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28.06.2014

Pulsatile tinnitus brain aneurysm, treatment for temporary tinnitus - Review

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Inner ear disorders that increase hearing sensitivity (such as SCD) can cause pulsatile tinnitus.
Cerebral angiography is a form of angiography which shows images of blood vessels in and around the brain, thereby allowing detection of abnormalities such as aneurysms, arteriovenous malformations, fistulas, and tumors. Typically a catheter is inserted into a large artery (such as the femoral, brachial, or radial artery) and threaded through the circulatory system to the carotid, vertebral, or subclavian artery, where a contrast agent (dye) is injected. The term stroke, or cerebrovascular accident (CVA), is a broad term generally indicating a sudden neurologic deterioration secondary to one of two etiologies: 1) a clot in one of the arteries supplying flow to the brain, or an “ischemic stroke”, or 2) bleeding into the brain. An intracranial aneurysm (also called cerebral aneurysm or brain aneurysm) is a cerebrovascular disorder in which weakness in the wall of a cerebral artery causes a localized outpouching or ballooning of the blood vessel.
If an aneurysm ruptures, blood leaks into the thin coverings of the brain called the subarachnoid space.
Arteriovenous malformations (AVMs) and arteriovenous fistulas (AVFs) occur when an abnormal connection develops between arteries and veins in the brain or dura (i.e. A brain AVM is an abnormal connection between the cerebral arteries and veins, bypassing the capillary system, located within the brain parenchyma.
Whether it is the mechanical retrieval of a thromboembolic occlusion of a blood vessel in the brain or medical dissolution of a blood clot using direct infusion of medicine at the clot face, large vessel occlusions responsible for symptoms of acute stroke may be treated with interventional neuroradiology, as an adjunct to intravenous tPA (clot buster) administration, which is the current standard of care.


Flow restoration may rapidly re-establish oxygen supply in the brain region that has been deprived of oxygen and nutrients that the blood. Particularly advantageous is that the stent is applicable repeatedly and can be used even in small peripheral brain blood vessel branches (eg, M2 segments). The carotid arteries are blood vessels in the neck that circulate oxygenated blood and nutrients from the heart to the brain. Idiopathic intracranial hypertension (IIH), sometimes called by the older names benign intracranial hypertension (BIH) or pseudotumor cerebri (PTC), is a neurological disorder that is characterized by increased intracranial pressure (pressure around the brain) in the absence of a tumor or other disease. The symptoms are headache, nausea, and vomiting, and sometimes pulsatile tinnitus (buzzing in the ears synchronous with the pulse), diplopia (double vision) and other visual symptoms. Older treatments of IIH included repeat lumbar punctures, medications that decrease production of CSF, surgical decompression of the optic nerve (optic nerve sheath fenestration), surgical shunting of the CSF from the spine to the abdomen (lumboperitoneal shunt), CSF shunting from the brain to the abdomen (ventriculoperitoneal shunt), and even CSF shunting from the brain to the heart (ventriculoatrial shunt).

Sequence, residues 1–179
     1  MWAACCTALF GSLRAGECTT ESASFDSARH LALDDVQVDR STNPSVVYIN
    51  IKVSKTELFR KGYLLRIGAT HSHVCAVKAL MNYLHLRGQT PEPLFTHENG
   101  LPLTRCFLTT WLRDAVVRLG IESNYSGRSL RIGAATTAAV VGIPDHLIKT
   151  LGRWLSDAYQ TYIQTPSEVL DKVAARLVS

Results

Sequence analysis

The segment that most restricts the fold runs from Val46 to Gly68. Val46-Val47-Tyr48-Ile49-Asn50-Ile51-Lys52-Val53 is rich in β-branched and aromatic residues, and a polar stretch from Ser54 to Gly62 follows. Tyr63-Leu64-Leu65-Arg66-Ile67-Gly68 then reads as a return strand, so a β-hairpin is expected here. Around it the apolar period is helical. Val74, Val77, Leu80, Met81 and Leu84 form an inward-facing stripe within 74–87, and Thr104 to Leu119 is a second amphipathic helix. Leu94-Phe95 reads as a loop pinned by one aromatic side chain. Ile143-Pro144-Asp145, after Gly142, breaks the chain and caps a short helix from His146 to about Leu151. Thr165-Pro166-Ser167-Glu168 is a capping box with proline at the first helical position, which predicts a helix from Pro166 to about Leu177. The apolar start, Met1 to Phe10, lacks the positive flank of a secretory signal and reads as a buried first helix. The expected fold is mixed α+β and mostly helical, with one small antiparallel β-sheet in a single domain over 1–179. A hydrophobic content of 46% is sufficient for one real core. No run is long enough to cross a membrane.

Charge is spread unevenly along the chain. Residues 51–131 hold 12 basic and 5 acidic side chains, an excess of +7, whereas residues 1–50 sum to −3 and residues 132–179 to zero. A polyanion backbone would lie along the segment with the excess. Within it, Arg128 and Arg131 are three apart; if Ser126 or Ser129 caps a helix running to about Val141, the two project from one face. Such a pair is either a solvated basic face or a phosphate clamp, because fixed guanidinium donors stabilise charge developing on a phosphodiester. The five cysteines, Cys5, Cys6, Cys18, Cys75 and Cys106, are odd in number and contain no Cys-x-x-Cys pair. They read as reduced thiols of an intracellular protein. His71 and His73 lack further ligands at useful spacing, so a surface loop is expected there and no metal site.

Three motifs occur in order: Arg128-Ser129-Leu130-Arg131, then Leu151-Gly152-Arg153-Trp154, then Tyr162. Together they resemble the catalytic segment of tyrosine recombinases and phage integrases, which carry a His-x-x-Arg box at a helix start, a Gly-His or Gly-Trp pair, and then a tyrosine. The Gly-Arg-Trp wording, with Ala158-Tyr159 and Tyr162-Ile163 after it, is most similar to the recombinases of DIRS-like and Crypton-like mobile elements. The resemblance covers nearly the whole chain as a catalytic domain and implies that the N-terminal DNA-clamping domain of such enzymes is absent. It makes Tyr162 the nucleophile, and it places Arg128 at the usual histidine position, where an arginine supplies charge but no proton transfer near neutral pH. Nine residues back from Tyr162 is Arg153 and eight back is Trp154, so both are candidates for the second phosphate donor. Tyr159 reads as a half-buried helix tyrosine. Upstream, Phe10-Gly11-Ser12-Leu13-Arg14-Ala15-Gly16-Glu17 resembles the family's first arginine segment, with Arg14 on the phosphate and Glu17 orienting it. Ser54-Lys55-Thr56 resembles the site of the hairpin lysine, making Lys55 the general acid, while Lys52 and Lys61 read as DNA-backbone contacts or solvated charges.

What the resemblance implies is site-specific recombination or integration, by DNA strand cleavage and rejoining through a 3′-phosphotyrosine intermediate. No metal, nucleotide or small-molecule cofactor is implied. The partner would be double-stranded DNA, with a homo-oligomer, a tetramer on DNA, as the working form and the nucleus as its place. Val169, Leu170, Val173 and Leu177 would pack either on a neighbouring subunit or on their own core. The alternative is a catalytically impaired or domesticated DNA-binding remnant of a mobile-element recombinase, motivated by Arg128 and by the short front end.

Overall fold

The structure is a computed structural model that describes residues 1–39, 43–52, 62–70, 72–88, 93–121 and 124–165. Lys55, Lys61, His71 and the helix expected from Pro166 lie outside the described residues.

Various tumors in the brain, head, neck, and spine can be treated pre-operatively with embolization to reduce the risk of bleeding during open surgery. A series of radiographs are taken as the contrast agent spreads through the brain’s arterial and venous systems. If, for example, the images reveal an aneurysm, metal coils may be introduced through the catheter already in place and maneuvered to the site of aneurysm; over time these coils encourage formation of connective tissue at the site, strengthening the vessel walls.


Currently available devices are able to be navigated through the arteries in the neck and brain to retrieve or aspirate clots and remove large blockages that may not dissolve with intravenous tPA administration. Although many AVMs are asymptomatic, AVMs in the brain can cause headache, intracranial bleeding, and lead to other serious neurologic problems, such as seizures. The carotid arteries are located anteriorly on both sides of your neck and carry blood to the majority of the brain.
An embolization protection device may be used during the procedure to prevent the atherosclerotic plaque from the narrowed vessel wall from migrating to the brain during the procedure and causing symptoms of stroke. Accordingly, other possibilities for vascular tinnitus include dehiscence (missing bone) of the jugular bulb -- an area in the skull which contains the jugular vein, and an aberrantly located carotid artery.
The vertebral arteries are the smaller, more posteriorly located arteries located on both sides of your neck that carry blood to the back of the brain and brainstem. An enlarged jugular bulb on the involved side is common in persons with venous type pulsatile tinnitus.



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